CDC recognizes January as National Birth Defect Awareness Month and provides tips on early prevention
BATON ROUGE, La (BRPROUD) – The Centers for Disease Control and Prevention recognizes January as the National Month for Education about Birth Defects.
The CDC defines a birth defect as a structural change that is present at birth that can affect almost any part of the body. Birth defects can occur for many reasons, and the CDC says there is a 3% chance a woman will start having a baby with a birth defect, regardless of health or lifestyle factors.
Birth defects affect one in 33 babies and are a leading cause of infant mortality in the country. Most birth defects are discovered within the first year of life.
“Lifespan awareness of birth defects helps individuals, parents and families affected by birth defects get the information they need to seek appropriate care,” says the CDC. “In addition, there is evidence that medical professionals need to provide optimal care to patients in all phases of life: before and during pregnancy as well as in infancy, childhood, adolescence and adulthood.”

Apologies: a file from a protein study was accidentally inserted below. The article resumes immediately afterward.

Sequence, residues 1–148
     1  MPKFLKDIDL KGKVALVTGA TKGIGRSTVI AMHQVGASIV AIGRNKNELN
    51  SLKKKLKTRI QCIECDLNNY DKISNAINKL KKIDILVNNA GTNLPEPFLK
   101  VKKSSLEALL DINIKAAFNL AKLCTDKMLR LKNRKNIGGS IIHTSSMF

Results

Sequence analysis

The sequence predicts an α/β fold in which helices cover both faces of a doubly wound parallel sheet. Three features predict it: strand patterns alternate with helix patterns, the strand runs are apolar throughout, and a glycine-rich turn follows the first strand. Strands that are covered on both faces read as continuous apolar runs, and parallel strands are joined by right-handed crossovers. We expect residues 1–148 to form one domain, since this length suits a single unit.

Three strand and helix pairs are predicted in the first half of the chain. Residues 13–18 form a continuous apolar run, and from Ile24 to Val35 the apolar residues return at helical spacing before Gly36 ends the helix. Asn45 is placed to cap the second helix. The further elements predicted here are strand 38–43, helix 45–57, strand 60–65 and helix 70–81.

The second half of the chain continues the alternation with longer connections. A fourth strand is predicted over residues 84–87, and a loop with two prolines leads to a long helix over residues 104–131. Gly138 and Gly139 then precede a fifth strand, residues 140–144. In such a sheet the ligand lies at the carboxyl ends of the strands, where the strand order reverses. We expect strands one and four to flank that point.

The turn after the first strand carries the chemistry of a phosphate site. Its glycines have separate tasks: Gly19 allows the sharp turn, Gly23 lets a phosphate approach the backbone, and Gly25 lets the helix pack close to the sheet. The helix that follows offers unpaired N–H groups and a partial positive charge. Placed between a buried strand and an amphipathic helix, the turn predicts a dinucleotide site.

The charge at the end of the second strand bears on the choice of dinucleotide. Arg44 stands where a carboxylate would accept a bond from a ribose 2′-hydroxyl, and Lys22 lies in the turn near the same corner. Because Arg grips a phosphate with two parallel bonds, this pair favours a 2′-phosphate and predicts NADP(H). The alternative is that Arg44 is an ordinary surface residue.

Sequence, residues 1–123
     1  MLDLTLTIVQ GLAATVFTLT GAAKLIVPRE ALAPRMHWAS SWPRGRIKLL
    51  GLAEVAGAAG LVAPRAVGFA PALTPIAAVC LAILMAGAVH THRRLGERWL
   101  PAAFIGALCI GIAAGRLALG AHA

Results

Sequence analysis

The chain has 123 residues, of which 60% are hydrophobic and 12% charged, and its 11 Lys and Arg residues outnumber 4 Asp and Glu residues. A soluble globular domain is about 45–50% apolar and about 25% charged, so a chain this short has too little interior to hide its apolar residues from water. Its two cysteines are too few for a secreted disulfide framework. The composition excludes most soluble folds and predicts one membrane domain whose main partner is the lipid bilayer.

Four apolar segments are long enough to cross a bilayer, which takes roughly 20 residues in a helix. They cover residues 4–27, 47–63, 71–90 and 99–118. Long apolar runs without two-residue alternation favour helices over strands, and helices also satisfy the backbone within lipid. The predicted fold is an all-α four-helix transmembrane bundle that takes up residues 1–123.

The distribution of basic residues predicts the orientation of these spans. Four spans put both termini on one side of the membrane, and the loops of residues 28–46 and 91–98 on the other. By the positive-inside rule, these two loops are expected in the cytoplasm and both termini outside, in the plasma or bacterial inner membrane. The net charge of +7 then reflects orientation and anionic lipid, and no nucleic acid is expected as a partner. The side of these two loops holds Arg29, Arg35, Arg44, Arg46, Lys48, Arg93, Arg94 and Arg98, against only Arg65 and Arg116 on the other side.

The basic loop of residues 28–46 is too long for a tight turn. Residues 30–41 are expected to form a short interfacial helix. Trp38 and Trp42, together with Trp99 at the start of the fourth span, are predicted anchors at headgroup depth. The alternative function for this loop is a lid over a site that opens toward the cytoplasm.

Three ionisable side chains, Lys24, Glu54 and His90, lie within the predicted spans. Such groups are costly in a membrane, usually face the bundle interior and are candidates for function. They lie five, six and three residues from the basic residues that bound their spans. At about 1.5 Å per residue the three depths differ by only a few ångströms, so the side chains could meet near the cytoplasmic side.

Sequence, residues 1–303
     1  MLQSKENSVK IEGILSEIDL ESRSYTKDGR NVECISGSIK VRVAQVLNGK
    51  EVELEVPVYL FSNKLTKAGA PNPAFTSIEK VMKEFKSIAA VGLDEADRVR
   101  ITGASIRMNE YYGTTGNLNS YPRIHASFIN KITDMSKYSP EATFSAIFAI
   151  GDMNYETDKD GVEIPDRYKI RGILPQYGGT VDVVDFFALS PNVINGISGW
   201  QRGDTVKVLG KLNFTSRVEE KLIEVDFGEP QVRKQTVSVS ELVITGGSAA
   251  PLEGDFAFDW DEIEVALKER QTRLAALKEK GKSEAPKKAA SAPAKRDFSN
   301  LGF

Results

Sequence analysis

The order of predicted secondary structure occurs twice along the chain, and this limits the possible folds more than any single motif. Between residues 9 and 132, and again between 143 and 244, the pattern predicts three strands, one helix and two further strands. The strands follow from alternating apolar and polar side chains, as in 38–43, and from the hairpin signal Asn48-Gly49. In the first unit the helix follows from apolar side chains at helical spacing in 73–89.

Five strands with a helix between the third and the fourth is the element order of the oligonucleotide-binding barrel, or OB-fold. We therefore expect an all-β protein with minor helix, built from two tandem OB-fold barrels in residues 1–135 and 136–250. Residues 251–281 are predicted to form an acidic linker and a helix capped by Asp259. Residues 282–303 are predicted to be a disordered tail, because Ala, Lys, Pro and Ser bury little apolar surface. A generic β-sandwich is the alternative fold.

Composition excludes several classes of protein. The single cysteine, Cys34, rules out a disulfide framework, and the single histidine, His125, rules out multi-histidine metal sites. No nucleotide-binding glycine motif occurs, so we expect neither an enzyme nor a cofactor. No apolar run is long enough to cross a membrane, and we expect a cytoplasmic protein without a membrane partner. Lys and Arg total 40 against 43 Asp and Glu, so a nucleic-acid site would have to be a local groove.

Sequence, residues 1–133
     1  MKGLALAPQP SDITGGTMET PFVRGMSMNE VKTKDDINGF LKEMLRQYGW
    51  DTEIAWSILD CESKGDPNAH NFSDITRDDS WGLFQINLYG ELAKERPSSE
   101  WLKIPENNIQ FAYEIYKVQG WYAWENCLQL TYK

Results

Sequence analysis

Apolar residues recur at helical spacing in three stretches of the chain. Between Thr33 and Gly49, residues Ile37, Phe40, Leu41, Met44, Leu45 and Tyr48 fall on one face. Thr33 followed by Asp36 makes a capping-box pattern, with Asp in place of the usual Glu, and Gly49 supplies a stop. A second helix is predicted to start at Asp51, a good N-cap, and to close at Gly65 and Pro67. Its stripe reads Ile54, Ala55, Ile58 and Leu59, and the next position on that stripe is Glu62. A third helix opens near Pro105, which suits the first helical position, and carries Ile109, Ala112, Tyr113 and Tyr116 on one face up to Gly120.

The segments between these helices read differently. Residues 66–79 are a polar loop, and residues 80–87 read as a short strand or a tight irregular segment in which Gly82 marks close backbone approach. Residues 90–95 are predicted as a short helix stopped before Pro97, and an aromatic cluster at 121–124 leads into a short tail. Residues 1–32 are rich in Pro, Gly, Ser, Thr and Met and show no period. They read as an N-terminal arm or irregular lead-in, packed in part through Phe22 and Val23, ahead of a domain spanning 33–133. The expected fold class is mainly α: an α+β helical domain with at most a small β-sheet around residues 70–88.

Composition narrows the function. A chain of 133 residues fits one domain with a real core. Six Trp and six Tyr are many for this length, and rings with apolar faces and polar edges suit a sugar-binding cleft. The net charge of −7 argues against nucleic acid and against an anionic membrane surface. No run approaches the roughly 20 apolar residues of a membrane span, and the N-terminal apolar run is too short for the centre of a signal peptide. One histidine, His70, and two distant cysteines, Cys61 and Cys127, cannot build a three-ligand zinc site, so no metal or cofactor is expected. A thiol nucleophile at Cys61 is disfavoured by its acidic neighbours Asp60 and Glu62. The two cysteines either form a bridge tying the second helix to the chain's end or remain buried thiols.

According to the CDC, some things can increase the chances of having a baby with a birth defect, such as smoking, drinking alcohol, and having a fever greater than 101 degrees Fahrenheit. You can find more causes here.
The CDC has one Toolbox this describes what scientists have learned about preventing birth defects during pregnancy and a child’s transition from pediatrics to adolescence.
Read about real families living with birth defects here. Find more resources and information on what the CDC is doing for National Birth Defects Awareness Month here.